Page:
License Global speaks with Steve Rosen, co-founder, CreateOn, to learn about the challenges of starting a new business during a pandemic and the value of face-to-face interactions in an industry that’s built on relationships.

Ian Hart, Senior Digital Editor U.K. & EMEA

March 10, 2023

6 Min Read
Steve Rosen, co-founder, CreateOn
Steve Rosen, co-founder, CreateOnCreateOn

Early years education is some of the most important years in life. Children’s brains are like sponges and so many key life skills are learnt during that time. When your principal from kindergarten to fifth grade is the sister of Jim Abrahams, writer and director of the likes of “Airplane,” “The Naked Gun,” and “Scary Movie,” it’s almost a given that you’re going to be into movies in some way.

The above applies to Steve Rosen, co-founder, CreateOn, who reached out to Abrahams when in college to get advice on getting into the movie business. “You gotta be in LA,” was the response. So, on a whim after college, Rosen moved from his home in Chicago, Il. to Los Angeles, Calif. And started working at Maverick Films, a company owned by Madonna. 

After a year and half, Rosen relocated back home in Chicago to work for Midway Games, the company behind “Mortal Kombat” and “NBA Jam,” enabling him to learn alongside the likes of Ed Boon, who created “Mortal Kombat,” Mark Turmell, the creator of “NBA Jam” and Matt Booty, who is now the head of Microsoft Studios. 

Feeling he possessed the skills to lead his team and start producing himself, Rosen sought an opportunity at Scientific Games, at the time known as WMS. It was here that Rosen discovered that his niche was in licensing.

“At the time, we had about 30 brands,” says Rosen. “Everything from ‘Monopoly’ to ‘Wizard of Oz’ and ‘Top Gun’ brought me back to my love of film, and I felt like I could be a part of that world again.”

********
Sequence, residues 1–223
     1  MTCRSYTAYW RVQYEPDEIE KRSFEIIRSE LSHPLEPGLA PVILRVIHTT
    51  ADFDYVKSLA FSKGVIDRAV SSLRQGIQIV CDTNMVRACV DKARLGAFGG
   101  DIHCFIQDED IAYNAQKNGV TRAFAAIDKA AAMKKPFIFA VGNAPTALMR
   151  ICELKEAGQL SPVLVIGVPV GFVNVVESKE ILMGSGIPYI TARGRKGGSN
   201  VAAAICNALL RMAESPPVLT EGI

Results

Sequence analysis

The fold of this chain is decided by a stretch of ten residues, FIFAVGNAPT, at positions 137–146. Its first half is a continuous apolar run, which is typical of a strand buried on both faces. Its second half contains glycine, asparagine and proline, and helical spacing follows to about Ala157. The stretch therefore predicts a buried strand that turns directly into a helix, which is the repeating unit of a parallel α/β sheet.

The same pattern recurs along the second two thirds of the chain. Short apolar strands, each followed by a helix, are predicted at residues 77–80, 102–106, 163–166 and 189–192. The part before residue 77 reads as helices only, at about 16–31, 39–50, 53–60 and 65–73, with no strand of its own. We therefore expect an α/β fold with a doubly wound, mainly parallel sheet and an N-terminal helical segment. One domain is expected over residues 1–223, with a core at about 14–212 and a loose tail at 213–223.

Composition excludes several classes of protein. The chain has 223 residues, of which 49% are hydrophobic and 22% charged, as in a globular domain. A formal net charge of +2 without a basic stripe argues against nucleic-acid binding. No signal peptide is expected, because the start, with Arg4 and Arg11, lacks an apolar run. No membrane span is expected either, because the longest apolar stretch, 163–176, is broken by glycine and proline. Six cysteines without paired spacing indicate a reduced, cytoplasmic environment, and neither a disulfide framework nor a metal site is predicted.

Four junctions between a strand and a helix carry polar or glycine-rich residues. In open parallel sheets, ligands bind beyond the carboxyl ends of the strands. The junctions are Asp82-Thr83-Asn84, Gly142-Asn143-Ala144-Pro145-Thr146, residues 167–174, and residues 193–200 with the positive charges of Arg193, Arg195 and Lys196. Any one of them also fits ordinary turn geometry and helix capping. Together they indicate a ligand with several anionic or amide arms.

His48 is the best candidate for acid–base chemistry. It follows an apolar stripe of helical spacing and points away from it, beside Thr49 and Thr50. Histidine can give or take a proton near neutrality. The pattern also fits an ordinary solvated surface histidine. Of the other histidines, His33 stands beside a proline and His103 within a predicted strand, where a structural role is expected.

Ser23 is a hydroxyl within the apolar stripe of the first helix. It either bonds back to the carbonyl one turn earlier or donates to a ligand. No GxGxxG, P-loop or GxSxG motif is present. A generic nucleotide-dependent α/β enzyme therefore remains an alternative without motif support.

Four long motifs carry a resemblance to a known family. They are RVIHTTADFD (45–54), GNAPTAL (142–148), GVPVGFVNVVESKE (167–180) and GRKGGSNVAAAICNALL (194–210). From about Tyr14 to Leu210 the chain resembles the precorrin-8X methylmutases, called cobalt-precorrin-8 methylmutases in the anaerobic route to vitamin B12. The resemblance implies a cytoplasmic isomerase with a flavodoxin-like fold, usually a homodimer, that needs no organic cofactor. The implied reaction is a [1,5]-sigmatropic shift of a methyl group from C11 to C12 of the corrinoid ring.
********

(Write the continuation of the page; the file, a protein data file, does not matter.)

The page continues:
Rosen’s role was senior director, game development, and worked with more than 100 brands  getting approvals, working on deals and pitching to the studios.

“It made me feel like being in the licensing game was what I was really meant to be doing,” says Rosen. 

Child playing outdoors with Elmo tiles, CreateOn

Child playing outdoors with Elmo tiles, CreateOnCreateOn 


CreateOn was launched by Rosen and his business partner, Aaron Singer, who he met through his son in 2019.  

“I was on a play date with my son,” says Rosen. “His friend’s father, Aaron, was discussing an opportunity that he was working on to print on magnetic tiles. Magnetic tiles have been around for more than 25 years and there are a bunch of companies in the space, but his idea was to print family photos on magnetic tiles.” 

Immediately, Rosen saw this as a licensing opportunity.  

“I was already planning to attend Licensing Expo in 2019, so I asked Aaron to come along with me with the aim to introduce the concept around the event and show off a couple of prototypes,” says Rosen. “I had a friend at the Joester Loria Group and they made an introduction for us to one of their clients, The World of Eric Carle and ‘The Very Hungry Caterpillar.’”  

Eric Carle, 'The Very Hungy Caterpillar' magnetic tiles, CreateOn

'The Very Hungy Caterpillar' magnetic tiles, CreateOn

Armed with several assets, Rosen put some images together and showed them to Target, who took eight SKUs exclusively, sight on-scene. 

“It was a case of right place, right time, and it started our business before we even knew we had a business,” says Rosen. “Here we are today with 10 brand licenses, working with everyone from The Beatles to Crayola and ‘Sesame Street.’” 

Although CreateOn was built during COVID, Rosen highlighted the importance of doing business face-to-face and being able to present and allow potential customers to get their hands on actual product.